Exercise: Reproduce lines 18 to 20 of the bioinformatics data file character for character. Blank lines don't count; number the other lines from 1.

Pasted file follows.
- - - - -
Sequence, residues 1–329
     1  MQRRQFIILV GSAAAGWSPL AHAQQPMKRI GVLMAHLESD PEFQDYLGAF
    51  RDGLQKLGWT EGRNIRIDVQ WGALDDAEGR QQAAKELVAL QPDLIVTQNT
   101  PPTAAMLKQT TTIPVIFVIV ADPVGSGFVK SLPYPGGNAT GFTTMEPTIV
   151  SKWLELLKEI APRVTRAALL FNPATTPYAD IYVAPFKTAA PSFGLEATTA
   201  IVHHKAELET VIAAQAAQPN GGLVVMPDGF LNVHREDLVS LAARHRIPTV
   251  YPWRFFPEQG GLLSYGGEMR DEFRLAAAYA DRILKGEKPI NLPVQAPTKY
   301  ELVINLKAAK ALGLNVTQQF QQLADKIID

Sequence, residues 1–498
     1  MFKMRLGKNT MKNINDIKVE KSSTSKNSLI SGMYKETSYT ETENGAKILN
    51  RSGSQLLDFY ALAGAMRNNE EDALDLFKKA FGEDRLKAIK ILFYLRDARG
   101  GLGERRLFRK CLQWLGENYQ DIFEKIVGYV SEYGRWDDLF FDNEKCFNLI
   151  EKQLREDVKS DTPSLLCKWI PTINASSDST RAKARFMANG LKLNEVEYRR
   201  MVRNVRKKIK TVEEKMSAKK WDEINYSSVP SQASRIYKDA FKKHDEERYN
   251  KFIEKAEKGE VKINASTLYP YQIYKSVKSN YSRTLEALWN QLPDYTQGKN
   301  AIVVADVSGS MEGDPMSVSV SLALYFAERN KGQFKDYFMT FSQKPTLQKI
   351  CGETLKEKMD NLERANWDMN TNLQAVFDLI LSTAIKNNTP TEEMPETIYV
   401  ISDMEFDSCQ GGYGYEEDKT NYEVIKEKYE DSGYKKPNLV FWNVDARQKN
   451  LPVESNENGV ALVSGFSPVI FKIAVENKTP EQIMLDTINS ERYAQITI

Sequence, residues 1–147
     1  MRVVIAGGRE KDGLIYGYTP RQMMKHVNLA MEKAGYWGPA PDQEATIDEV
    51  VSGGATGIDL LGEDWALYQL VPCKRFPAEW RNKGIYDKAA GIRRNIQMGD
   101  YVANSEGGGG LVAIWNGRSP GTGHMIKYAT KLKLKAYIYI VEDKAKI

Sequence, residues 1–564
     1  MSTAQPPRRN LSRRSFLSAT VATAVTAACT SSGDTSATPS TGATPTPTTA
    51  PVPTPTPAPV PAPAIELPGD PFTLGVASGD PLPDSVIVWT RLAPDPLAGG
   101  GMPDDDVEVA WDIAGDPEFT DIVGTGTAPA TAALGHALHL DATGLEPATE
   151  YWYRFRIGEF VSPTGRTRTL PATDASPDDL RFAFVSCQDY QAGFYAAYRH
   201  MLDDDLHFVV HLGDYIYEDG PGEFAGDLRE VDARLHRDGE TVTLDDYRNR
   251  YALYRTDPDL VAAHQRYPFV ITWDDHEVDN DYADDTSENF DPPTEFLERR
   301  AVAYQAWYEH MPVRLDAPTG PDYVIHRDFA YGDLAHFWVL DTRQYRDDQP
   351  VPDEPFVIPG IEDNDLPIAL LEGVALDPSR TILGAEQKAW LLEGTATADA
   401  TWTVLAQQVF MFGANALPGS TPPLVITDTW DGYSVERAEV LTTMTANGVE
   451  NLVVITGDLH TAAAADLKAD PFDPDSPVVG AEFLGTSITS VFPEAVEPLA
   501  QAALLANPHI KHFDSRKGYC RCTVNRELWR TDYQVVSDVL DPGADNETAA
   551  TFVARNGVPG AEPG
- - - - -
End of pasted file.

   401  ISDMEFDSCQ GGYGYEEDKT NYEVIKEKYE DSGYKKPNLV FWNVDARQKN
   451  LPVESNENGV ALVSGFSPVI FKIAVENKTP EQIMLDTINS ERYAQITI

Sequence, residues 1–147